Episodes

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01Le Divide - Liberte20200311

France's motto of "liberte, egalite, fraternite" - liberty, equality and fraternity - is also the battleground for its most divisive issues. The BBC's Paris correspondent Lucy Williamson travels around the country to examine the key challenges facing the country, and ask whether President Macron's policies are helping to heal divisions, or make them worse?
Since the beginning of his campaign, President Macron has talked about France's unique role as a beacon of liberty and human rights. Protecting those rights in a changing world is at the heart of his fierce commitment to a stronger, closer Europe. But the far-right nationalist party of Marine Le Pen is promising the French a different kind of freedom: protection from Europe itself - its open borders and open markets. So how far will Macron go to stop her support from spreading? And what concessions is he making in pursuit of Liberté?
Producer: Arlene Gregorius

How France is facing new divisions over liberty, fraternity and equality. Today: liberty.

How France is facing the challenges of three key issues: liberty, fraternity and equality.

02Le Divide - Egalite20200318

France's motto of "liberte, egalite, fraternite" - liberty, equality and fraternity - also sums up some of the key challenges facing the nation today. The BBC's Paris correspondent Lucy Williamson travels around the country to find out more about the issues and asks: are President Macron's policies helping to heal divisions, or make them worse?

France may be less unequal than many of its neighbours, but there is a deep and growing fracture between increasingly wealthy cosmopolitan elites, and the inhabitants of a "peripheral France" who say they feel left behind. Lucy travels from Versailles in the north to the former mining town of La Grand-Combe in the south, to ask why anger there is so strong, what the gilets jaunes protests achieved, and whether President Macron has delivered on his promise to heal the economic divisions in France.

Producer: Arlene Gregorius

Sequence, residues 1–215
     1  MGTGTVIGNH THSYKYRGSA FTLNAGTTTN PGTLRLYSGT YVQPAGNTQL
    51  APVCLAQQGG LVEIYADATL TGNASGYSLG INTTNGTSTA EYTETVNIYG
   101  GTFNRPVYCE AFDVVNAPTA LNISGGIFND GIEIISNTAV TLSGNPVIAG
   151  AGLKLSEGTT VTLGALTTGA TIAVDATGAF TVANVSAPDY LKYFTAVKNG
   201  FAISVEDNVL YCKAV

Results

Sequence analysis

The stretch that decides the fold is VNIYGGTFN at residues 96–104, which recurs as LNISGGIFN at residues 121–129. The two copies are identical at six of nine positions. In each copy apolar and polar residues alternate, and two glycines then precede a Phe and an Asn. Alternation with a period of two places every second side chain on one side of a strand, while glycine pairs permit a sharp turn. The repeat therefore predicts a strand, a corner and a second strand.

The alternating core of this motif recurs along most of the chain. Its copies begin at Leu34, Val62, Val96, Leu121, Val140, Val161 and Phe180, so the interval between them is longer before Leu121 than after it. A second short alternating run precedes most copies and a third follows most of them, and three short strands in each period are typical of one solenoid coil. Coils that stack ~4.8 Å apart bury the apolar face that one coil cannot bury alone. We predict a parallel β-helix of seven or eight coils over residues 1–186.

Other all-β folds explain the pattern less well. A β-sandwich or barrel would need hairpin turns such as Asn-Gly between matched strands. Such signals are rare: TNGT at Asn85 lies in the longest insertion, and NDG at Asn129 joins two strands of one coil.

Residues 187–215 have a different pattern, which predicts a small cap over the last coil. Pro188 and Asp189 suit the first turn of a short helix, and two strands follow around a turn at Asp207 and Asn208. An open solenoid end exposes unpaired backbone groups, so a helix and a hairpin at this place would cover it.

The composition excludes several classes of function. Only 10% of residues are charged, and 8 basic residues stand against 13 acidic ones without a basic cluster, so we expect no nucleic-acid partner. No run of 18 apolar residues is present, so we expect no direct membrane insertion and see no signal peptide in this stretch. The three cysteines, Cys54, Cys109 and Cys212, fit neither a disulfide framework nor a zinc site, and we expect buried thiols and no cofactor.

How France is facing the challenges of liberty, equality and fraternity - today: equality.

How France is facing the challenges of three key issues: liberty, fraternity and equality.

03Le Divide - Fraternite20200325

France's motto of "liberte, egalite, fraternite" - liberty, equality and fraternity - represents key challenges dividing the nation today. The BBC's Paris correspondent Lucy Williamson travels around the country to find out more about the issues and asks: are President Macron's policies helping to heal these divisions, or make them worse?

"Fraternite ? requires French citizens to be treated with “brotherliness ?, regardless of origin, background or religion. And laïcité – separation of state and religion – is seen today as a key tool to ensure that. But there are battles over where the line between state and religion, public and private, really is – and most of the time, it’s about the Muslim headscarf. With little of France's ethnic or religious diversity on display in public life, and a ban on the French state collecting this kind of data on its citizens, how is its model of integration working in modern-day France? Former World Cup-winning football player Lilian Thuram argues that some people are happy with the racist status quo. Lucy travels to the city of Marseille, famed as a "melting pot" for its diversity - and its football team - to look at what keeps the city together, and why divisions are appearing even there.

Producer: Arlene Gregorius

How France is facing the challenges of liberty, fraternity and equality. Today: fraternite

How France is facing the challenges of three key issues: liberty, fraternity and equality.

France's motto of "liberte, egalite, fraternite" - liberty, equality and fraternity - also sums up some of the key challenges facing the nation today. The BBC's Paris correspondent Lucy Williamson travels around the country to find out more about the issues and asks: are President Macron's policies helping to heal divisions, or make them worse?
"Fraternite” requires French citizens to be treated with “brotherliness”, regardless of origin, background or religion. And, laïcité – separation of state and religion – is a key tool to ensure this. But there are battles over where the line between state and religion, public and private, really is – and most of the time, it’s about the Muslim headscarf.
Those with Muslim names or non-white faces are reported to be four times less likely to get job interviews. But the French state doesn't collect data by ethnicity or religion, nor does anyone want to change that. Former World Cup-winning football player Lilian Thuram argues that this means people are happy with the racist status quo. Lucy travels to the diverse city of Marseille, famed as a "melting pot" and so far spared from the jihadist violence that's afflicted places like Paris or Nice, despite having extremists among the large Muslim population. So what is the city's secret?